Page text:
A few weeks ago, my friend Marina and I were talking about frozen vegetables. She grew up in France, and said it wasn’t unusual to cook with them there. She also said the quality of them was much better than what we have in supermarkets here in the U.S., and I agree. Her words were still echoing in my mind when I found myself in Chelsea Market at Buon Italia staring at the bags of frozen artichoke hearts. I played a game of putting them in my basket, then returning them to the freezer case, a few times before deciding it was a low-cost investment to try them out. Worst case, I’d be out a few bucks. Best case scenario, I’d be able to enjoy artichokes year-round (and let’s not forget no need to clean the frozen ones!).

I bought them, and tried not to think about all the miles they’d traveled from Italy. The frozen artichoke hearts posed a triple threat—to my carbon footprint, and my commitment to local and seasonal eating. Part of my former self bitched slapped my new self for buying them. My new self flipped the bird to my old self, muttering something about this being a “brave new world”. Of course, using frozen vegetables is not an epiphany. Like they’re canned vegetable counterparts, which I grew up eating, frozen vegetables make their way to many shopping carts as a matter of thrift and ease. For me, though, this was my chance to remind myself why I cook.

I don’t cook for the sport of it. I lost a little sight of that fact in my madness to get the best bunch of broccoli rabe. It’s what you do with the ingredients that matters most. Cooking nourishes my soul and steadies me in a way nothing else has the power to do—I get the incredible bonus of feeding the people I love most in the process, and for me that’s pretty damn perfect in an often imperfect world.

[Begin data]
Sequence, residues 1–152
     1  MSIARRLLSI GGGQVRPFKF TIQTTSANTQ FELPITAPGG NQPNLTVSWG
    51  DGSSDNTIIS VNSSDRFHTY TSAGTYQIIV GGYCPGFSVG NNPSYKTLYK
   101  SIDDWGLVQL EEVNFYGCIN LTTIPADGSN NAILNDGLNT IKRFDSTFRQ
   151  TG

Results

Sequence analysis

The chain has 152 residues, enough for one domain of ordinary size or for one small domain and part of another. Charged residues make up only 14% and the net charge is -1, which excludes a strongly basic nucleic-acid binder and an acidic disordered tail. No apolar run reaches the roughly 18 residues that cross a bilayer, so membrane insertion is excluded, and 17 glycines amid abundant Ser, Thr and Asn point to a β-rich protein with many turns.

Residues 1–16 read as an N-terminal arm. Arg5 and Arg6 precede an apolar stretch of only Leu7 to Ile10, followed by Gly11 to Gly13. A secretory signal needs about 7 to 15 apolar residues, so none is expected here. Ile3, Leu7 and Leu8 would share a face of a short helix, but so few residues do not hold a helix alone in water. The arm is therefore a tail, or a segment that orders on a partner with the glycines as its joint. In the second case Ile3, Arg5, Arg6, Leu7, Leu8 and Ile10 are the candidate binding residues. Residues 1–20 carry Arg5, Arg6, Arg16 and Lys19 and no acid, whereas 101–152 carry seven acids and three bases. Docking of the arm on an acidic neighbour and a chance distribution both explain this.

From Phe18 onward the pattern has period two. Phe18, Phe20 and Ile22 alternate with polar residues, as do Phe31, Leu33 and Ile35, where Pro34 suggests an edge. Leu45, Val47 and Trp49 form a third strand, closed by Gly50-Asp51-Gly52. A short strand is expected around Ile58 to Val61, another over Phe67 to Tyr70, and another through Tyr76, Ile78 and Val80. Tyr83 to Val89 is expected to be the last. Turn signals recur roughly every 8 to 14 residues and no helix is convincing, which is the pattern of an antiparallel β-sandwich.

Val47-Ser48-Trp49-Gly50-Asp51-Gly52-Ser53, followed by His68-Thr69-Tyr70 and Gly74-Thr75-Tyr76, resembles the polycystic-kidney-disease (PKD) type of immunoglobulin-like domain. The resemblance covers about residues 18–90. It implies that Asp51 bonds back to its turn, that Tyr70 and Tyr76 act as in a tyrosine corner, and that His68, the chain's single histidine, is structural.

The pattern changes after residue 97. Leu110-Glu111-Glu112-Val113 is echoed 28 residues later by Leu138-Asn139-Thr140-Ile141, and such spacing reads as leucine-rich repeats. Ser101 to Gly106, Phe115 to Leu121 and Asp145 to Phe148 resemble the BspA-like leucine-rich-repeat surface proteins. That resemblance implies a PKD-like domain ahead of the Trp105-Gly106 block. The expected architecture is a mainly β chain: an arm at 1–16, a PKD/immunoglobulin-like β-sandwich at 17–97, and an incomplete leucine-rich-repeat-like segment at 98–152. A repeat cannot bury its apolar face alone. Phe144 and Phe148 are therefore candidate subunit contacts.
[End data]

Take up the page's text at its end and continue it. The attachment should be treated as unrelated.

sauteed artichokes 02

sauteed artichokes with garlic, shallots & sweet vermouth

Music Pairing: Beginning to See the Light by The Velvet Underground

This simple preparation makes for a tasty side dish, or becomes the base for an easy dip. Just give it a whirl in the food processor until it becomes smooth—add a little extra olive oil for a creamier consistency. I went light on the butter, because well, it’s the New Year and all. I won’t judge if an extra teaspoon or two fall into your skillet. If you want to keep this vegan (yes, I really am following my extra butter comment, with a vegan-friendly note!), just skip the butter, and use extra olive oil.

1 bag (450 grams)  frozen artichoke hearts

1 teaspoon (9 grams) butter

1 teaspoon (5 ml) extra-virgin olive oil

1 small shallot, thinly sliced

1 garlic clove, thinly sliced

Sea salt and pepper, to taste

Generous splash (1 to 2 tablespoons/15 to 30 ml) sweet vermouth

Handful of fresh chopped parsley

Add the artichoke hearts to a 10-inch skillet. Fill with enough water to cover the chokes. Cover, and bring to a boil. Uncover the pan, and reduce heat to a simmer. Cook until the chokes are tender, 10 to 15 minutes.

Drain the artichokes, and set aside. Use a towel to wipe the skillet dry, or use a clean skillet if you prefer. Place the skillet over medium heat. Add the butter and oil. Once the butter is melted, add the shallot and garlic. Cook 1 to 2 minutes, until lightly golden. Add the drained artichoke hearts, stirring the pan to mix everything well. Cook for 2 minutes, stirring occasionally. Pour in the vermouth, stirring to scrape up any browned bits from the bottom of the pan. Cook for 1 more minute.